AHRQ director: 'We are not doing enough' on quality
Notes slowdown in improvement, while costs soar
Carolyn M. Clancy, MD, director of the Agency for Healthcare Research and Quality (AHRQ), did not pull any punches when she gave the keynote plenary address on Sept. 8 at the 2008 AHRQ Annual Meeting — nor did she hold back in a follow-up interview with Healthcare Benchmarks and Quality Improvement.
"The rate of improvement in quality — which has been consistently slow anyway — has gone down," she reported in her address, citing the National Healthcare Quality Report, which indicated that quality improved by 3.1% in 2006, but only by 2.3% in 2007.
Why is the rate of improvement slowing down? "There are a couple of reasons," says Clancy. "One is that the science of measuring quality has evolved and improved, and there is more public reporting. I think we can expect the data will show a slight decline at first because we are getting better at defining the problem."
However, she continues, "It also shows we are not doing enough to reverse important trends. In our annual report on the quality of care we send to Congress each year we saw improvements in patient safety had slowed way down." This is not a recent trend, she adds. "We can look back to the mid-90s; things improve until about 2000 and then slowed down," she notes.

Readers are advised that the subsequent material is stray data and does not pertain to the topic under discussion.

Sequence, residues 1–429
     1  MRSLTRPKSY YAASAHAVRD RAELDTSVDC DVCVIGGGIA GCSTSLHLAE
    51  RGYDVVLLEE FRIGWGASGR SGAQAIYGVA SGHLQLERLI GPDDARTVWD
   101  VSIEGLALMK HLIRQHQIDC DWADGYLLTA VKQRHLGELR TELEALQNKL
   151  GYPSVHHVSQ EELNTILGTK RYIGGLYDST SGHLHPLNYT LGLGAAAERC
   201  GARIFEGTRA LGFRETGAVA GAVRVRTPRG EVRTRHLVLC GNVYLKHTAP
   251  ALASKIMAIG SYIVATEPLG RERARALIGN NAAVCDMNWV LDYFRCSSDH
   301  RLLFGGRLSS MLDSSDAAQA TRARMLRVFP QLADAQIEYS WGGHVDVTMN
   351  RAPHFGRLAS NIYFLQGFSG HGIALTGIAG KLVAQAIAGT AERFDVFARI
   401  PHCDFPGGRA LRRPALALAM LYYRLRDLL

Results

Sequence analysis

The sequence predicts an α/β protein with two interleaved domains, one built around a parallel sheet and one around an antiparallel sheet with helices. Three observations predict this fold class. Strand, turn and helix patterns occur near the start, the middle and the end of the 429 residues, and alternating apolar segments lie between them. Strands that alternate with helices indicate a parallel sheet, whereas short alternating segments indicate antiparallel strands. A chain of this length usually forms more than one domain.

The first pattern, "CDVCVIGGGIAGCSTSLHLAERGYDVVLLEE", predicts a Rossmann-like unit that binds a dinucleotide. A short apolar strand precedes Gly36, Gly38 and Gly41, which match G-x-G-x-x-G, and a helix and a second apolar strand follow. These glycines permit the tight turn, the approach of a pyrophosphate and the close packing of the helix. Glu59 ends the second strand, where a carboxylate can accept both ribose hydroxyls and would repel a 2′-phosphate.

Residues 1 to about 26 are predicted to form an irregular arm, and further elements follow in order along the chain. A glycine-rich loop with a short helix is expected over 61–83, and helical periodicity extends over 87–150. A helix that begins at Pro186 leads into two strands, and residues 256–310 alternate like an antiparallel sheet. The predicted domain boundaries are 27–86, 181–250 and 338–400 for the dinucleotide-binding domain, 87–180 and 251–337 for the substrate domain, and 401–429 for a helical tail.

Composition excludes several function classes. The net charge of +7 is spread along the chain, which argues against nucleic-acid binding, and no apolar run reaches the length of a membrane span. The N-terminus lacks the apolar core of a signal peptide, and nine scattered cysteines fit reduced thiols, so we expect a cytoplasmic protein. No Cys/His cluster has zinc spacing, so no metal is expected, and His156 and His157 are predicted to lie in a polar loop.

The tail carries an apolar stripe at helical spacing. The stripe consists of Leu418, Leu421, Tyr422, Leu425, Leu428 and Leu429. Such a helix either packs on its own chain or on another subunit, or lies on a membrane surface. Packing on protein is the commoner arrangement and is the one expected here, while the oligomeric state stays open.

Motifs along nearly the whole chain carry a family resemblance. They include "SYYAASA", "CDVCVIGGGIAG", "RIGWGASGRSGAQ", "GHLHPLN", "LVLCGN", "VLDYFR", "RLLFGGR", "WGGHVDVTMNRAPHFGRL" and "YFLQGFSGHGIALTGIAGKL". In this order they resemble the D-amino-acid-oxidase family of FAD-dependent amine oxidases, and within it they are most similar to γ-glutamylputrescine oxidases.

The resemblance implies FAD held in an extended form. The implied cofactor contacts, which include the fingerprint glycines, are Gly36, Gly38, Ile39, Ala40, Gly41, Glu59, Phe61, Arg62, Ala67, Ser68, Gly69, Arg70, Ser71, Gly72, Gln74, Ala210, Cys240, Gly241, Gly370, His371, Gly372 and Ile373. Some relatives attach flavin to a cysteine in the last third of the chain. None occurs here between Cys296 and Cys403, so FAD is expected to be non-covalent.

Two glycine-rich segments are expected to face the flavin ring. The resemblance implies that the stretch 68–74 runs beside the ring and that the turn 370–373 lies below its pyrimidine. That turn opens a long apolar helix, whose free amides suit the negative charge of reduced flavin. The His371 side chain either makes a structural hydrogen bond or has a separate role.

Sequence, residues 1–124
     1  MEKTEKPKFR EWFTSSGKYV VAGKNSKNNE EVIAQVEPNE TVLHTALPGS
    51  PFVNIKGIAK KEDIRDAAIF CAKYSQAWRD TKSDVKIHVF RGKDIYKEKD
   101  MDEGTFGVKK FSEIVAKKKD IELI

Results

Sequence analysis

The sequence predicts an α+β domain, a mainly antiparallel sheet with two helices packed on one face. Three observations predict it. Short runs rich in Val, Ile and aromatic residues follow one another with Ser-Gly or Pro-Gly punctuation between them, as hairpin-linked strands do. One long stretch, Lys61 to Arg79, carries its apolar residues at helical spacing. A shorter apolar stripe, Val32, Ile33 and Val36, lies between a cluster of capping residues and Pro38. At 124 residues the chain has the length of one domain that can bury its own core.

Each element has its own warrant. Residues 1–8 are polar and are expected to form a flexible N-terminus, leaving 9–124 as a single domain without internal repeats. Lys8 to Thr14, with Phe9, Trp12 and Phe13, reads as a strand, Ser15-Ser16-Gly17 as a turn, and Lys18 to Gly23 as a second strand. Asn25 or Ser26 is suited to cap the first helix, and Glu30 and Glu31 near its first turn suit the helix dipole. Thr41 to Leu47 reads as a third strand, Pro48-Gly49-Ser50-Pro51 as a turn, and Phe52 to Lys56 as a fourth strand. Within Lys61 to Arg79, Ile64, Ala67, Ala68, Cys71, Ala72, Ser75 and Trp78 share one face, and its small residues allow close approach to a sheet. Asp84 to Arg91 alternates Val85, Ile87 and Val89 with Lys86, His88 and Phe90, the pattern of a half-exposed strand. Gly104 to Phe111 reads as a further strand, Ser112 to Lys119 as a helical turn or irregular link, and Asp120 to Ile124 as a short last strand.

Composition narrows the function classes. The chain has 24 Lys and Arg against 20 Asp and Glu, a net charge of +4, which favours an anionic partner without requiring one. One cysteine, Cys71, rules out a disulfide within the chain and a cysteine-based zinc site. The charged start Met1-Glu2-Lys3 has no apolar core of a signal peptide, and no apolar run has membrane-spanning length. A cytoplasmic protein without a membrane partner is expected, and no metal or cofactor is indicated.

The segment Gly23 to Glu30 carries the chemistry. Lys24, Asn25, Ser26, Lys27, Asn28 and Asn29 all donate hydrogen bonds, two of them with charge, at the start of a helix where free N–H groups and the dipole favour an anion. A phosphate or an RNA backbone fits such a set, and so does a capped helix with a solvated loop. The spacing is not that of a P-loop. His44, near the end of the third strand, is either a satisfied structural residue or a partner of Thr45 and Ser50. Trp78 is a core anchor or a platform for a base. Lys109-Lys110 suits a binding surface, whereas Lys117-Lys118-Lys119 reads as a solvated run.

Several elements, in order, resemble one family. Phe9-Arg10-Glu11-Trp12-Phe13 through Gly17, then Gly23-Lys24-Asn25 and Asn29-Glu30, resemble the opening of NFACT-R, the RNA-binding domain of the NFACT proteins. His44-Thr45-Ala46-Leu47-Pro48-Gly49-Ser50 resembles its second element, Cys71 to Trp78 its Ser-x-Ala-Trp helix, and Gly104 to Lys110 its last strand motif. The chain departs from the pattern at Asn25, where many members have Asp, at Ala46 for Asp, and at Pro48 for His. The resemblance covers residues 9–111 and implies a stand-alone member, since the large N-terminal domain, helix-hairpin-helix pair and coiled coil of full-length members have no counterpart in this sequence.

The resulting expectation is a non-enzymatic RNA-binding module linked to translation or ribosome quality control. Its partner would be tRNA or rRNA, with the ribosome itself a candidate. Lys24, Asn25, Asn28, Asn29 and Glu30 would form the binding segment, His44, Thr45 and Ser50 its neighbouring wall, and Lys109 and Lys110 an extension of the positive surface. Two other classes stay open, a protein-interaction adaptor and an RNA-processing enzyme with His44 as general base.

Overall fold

In addition, she says, "There's a disconnect between the way the overall rate of quality improvement is slowing and the rate at which costs are increasing (6.7%).
"We are spending money a lot faster without improving, and we have to find a way to link the quality bottom line to the financial bottom line."
The third factor says Clancy, is that "we have done the easy stuff, and now we're getting to the harder parts," among them transitioning to patient-focused care. "Also, most public reporting efforts have been incremental, starting with small measures and then adding more," Clancy notes. "When we have a small list of things to report, the natural tendency is to deploy a team to the ED, for example, and make sure patients get their antibiotics within the designated time. As there are more and more things to measure, it's clear we have to step back and make the right thing the easy thing, with system changes."
For example, she notes, top leadership engagement is imperative. "There are cutting-edge hospitals where the CEO walks around with the staff," she notes. "And those hospital boards that have subgroups getting regular quality reports tend to do better."
This is a new skill set for board members, and it will be even more important in the future, says Clancy, who notes that this can be a key role for the quality manager to play."I think they are in the best position to help make the business case for quality, because they have the data," Clancy explains. "They also have a clearer view into how people provide care, and the impact of what they do, which will be a very, very critical role. "
Some of the 'hard' things
The transition from provider-focused care to more patient-focused care "is high on my list," Clancy told the attendees at the AHRQ meeting, and AHRQ is doing its part to help make that transition. "We have promoted the 'Five Steps to Safer Health Care' for several years," she says. "We launched a campaign with the American Hospital Association and the American Medical Association, but I do not think it's hard-wired yet, though it is a big first step." (To access the "Five Steps to Safer Health Care," go to: www.ahrq.gov/consumer/5steps.htm.)